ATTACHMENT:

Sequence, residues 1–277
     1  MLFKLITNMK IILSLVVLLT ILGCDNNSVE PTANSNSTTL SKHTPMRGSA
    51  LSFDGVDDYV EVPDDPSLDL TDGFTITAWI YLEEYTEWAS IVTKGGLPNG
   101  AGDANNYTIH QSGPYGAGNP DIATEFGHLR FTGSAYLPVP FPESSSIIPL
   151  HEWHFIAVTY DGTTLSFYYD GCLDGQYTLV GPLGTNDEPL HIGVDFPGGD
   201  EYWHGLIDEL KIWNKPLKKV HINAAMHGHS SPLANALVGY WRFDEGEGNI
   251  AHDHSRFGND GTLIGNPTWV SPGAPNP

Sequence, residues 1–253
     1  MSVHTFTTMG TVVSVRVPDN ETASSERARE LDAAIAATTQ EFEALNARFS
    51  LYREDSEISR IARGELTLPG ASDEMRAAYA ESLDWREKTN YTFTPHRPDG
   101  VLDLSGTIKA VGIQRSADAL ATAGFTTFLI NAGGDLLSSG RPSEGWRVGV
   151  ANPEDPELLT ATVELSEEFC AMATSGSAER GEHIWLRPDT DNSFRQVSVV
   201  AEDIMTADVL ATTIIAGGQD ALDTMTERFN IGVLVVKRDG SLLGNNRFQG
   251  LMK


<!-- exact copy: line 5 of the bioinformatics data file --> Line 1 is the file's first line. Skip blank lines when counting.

   151  HEWHFIAVTY DGTTLSFYYD GCLDGQYTLV GPLGTNDEPL HIGVDFPGGD